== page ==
Abdul Hadi, Mahdi, ed. Documents on Jerusalem. Jerusalem: PASSIA Palestinian Academic Society for the Study of International Affairs, 1996.
This is a book of documents relating to Jerusalem. One section, titled “Religious Perspectives,” gives documents reflecting Islamic, Christian, and Jewish perspectives. A section titled “Political Perspectives” gives documents denominated as Palestinian, Israeli, Arab state, United States, European, and United Nations. Quite comprehensive: a total of 344 documents.
Berkowitz, Shmuel. The Status of Jerusalem in International and Israeli Law. Jerusalem: Jerusalem Center for Public Affairs, 2018.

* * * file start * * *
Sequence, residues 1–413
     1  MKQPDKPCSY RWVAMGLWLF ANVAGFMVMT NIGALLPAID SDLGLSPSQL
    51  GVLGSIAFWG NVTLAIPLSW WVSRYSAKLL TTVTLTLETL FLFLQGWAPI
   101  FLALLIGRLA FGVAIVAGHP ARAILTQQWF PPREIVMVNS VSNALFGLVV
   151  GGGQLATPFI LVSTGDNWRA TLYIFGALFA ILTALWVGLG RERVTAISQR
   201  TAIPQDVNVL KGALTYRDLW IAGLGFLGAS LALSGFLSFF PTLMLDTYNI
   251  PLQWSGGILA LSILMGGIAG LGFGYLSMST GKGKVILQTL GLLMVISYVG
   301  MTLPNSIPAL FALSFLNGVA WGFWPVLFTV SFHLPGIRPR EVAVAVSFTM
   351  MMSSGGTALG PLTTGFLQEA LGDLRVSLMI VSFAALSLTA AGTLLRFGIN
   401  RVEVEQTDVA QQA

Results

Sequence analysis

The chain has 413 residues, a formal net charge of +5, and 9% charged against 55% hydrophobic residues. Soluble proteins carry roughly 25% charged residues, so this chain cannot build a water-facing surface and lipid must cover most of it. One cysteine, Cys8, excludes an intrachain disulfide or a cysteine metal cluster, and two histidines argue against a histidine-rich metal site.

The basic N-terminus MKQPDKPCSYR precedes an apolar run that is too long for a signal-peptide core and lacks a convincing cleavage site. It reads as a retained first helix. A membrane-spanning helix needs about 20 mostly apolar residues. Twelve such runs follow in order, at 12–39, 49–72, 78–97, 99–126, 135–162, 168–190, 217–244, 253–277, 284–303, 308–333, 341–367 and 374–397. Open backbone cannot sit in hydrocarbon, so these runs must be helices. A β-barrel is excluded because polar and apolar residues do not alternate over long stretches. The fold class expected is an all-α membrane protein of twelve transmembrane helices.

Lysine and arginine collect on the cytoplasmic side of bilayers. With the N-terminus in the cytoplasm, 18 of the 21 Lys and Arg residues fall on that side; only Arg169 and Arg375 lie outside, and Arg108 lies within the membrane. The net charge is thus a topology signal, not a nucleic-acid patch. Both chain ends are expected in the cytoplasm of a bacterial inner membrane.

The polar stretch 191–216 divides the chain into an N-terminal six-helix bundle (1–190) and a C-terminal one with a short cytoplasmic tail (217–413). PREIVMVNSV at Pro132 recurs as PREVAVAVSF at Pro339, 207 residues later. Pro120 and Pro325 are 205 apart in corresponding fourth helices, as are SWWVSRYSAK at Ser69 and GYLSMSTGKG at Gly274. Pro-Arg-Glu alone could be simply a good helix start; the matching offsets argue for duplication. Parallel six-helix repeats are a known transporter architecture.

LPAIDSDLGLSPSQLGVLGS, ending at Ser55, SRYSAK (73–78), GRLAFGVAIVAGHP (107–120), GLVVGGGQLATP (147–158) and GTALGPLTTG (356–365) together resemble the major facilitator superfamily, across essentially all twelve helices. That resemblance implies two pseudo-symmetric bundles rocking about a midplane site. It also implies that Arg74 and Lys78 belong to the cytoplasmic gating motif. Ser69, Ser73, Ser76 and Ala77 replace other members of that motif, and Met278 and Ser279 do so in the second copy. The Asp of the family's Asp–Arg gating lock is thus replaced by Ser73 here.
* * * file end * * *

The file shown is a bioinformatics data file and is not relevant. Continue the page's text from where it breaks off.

Finds Israel to hold valid sovereignty over the entirety of Jerusalem. Notes 2015 decision of US Supreme Court that deferred to US President Barack Obama’s position that sovereignty over all parts of Jerusalem was unclear without determination by a future peace treaty. Analyzes US President Donald Trump’s 2017 position that Jerusalem is Israel’s capital. Digital only.
bin Talal, Hassan. HRH Crown Prince. A Study on Jerusalem. London: Longman, 1979.
A short book on the status of Jerusalem. Asserts that sovereignty is suspended until a comprehensive settlement is agreed upon.
Blum, Yehuda Z. The Juridical Status of Jerusalem. Jerusalem: The Hebrew University of Jerusalem, 1974.
This pamphlet-length study argues that the entry by Arab troops into Palestine in 1948 was unlawful, and that Jordan’s absorption of the West Bank, including a portion of Jerusalem, in 1950 was similarly unlawful. Notes Israel’s commitment, once it took control of the holy sites in 1967, to respect the control of ecclesiastical authorities over them.